Finding the right employees is one of the keys to success for businesses in New Mexico. When you have a good recruitment, screening and hiring process, you can staff your company with team members who can help your business to grow while protecting your business’s reputation.
A crucial part of any good hiring process for businesses is conducting a thorough New Mexico pre-employment background check for each prospective employee. Incorporating a comprehensive pre-employment screening process can help your business to find the right people while minimizing potential liabilities for negligent hiring.
New Mexico employment background checks are not all equal. If you use the wrong methods to screen applicants, your business could be at risk. Working with a reputable background check provider like iprospectcheck can help your business to ensure that you comply with all relevant state and federal laws and that the information you receive is accurate and comprehensive.
At iprospectcheck, our professionals conduct thousands of comprehensive pre-employment background checks for businesses across New Mexico, including in Albuquerque, Las Cruces, Rio Rancho, and other cities. We have extensive knowledge and experience, allowing us to complete searches for employers that are complete and accurate.
To help New Mexico businesses, we have written this complete guide to background checks in New Mexico so that you can have a succinct overview of the various requirements and components of New Mexico pre-employment background checks.
Let’s get started.
New Mexico Employment Background Check Laws: A Complete Overview
New Mexico employers must comply with all of the applicable pre-employment background check laws, including local, state, and federal statutes and regulations.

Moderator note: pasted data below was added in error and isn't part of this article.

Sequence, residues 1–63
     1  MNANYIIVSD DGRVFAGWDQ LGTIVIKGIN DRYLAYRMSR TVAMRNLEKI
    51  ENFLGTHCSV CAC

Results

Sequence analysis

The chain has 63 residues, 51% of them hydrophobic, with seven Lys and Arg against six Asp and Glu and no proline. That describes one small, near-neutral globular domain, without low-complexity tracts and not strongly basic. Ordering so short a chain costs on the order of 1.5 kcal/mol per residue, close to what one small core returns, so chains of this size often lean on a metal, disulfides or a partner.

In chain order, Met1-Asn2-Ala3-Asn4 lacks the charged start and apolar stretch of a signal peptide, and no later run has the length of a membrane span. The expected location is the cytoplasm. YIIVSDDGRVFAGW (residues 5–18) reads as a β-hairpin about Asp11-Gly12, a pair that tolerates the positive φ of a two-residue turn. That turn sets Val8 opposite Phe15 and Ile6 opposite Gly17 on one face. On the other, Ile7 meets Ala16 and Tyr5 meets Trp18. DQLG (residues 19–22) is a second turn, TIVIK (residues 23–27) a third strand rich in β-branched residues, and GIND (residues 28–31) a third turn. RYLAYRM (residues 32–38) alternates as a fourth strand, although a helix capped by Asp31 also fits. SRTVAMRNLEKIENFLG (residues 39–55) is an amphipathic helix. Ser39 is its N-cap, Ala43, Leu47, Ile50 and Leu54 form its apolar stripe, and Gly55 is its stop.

Keeping up with the laws is important since changes are frequently made through legislative action or court decisions. One of the things that iprospectcheck does is to monitor any changes that happen so that we can ensure continuing legal compliance in the reports that we provide.
Here is some information about some of the relevant laws of which you should be aware.
Federal Laws on Employment Background Checks
Employment background checks are addressed under a few different federal laws, including the Fair Credit Reporting Act or FCRA and Title VII of the Civil Rights Act of 1964. The FCRA is enforced by the Federal Trade Commission or FTC. Title VII of the Civil Rights Act is enforced by the Equal Employment Opportunity Commission or EEOC. These two federal agencies also promulgate regulations under these laws that businesses and consumer reporting agencies are expected to follow.
The U.S. Congress enacted the FCRA in 1970. The primary focus of this law is to protect consumer information and privacy for the data collected and held by consumer reporting agencies. As a federal law, it also applies to background check companies or consumer reporting agencies (CRAs), and employers in every state, including New Mexico.
One of the requirements of the FCRA for employers is that they must ask for the consent of applicants and employees before they complete background checks. The lengths of time during which different types of information can be reported are also defined by the FCRA.
Since its passage in 1964, Title VII of the Civil Rights Act has had a major impact on workplaces across the U.S. This landmark legislation prohibits discrimination in the workplace when it is based on employees’ or applicants’ protected characteristics.
The EEOC, which enforces the anti-discrimination provisions of Title VII, issued guidance in 2012 concerning the use of criminal history information in employment background checks. Employers that discover criminal record information in the employment background checks that they receive for applicants and employees are recommended to initially assess the reported information for its relevance to the open positions.
The EEOC also advises employers to give applicants and employees who have criminal records an opportunity to explain why their convictions or arrests are not relevant for the positions they are seeking or that they hold.
New Mexico State laws on Employment Background Checks